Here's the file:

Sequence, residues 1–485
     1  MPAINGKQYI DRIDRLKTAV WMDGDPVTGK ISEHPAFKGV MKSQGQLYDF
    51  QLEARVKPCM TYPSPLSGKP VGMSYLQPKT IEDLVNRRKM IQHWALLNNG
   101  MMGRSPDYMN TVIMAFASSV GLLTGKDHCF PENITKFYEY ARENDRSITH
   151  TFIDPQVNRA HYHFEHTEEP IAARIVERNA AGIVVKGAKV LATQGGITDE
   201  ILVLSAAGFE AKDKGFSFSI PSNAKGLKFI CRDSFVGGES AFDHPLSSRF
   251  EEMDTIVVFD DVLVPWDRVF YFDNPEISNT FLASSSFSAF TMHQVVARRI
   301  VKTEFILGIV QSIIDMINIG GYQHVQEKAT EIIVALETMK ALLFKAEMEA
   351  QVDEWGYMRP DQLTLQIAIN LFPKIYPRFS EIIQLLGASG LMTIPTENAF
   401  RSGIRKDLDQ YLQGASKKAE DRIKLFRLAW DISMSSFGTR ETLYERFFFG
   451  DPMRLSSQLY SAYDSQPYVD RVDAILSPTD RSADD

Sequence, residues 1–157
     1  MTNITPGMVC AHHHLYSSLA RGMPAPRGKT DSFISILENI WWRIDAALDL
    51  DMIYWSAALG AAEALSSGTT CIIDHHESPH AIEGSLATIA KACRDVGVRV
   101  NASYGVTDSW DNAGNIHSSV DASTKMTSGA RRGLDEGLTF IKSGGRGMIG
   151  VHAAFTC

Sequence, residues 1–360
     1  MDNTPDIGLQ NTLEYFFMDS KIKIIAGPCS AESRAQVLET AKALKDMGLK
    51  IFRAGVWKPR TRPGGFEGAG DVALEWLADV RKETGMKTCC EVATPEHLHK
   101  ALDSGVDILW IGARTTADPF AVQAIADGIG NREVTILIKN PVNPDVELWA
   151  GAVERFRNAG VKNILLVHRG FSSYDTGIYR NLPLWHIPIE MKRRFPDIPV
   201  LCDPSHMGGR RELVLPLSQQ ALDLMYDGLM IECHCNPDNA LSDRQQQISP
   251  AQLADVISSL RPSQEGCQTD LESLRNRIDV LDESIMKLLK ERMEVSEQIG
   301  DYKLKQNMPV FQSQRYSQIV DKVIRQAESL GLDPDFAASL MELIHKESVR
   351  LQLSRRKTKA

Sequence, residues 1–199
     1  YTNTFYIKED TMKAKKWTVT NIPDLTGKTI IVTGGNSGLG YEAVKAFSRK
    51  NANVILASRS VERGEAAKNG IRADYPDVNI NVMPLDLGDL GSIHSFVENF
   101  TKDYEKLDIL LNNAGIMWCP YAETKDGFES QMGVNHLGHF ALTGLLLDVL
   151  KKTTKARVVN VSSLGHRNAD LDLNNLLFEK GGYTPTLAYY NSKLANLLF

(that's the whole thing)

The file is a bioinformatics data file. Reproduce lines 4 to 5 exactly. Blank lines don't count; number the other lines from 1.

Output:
   101  MMGRSPDYMN TVIMAFASSV GLLTGKDHCF PENITKFYEY ARENDRSITH
   151  TFIDPQVNRA HYHFEHTEEP IAARIVERNA AGIVVKGAKV LATQGGITDE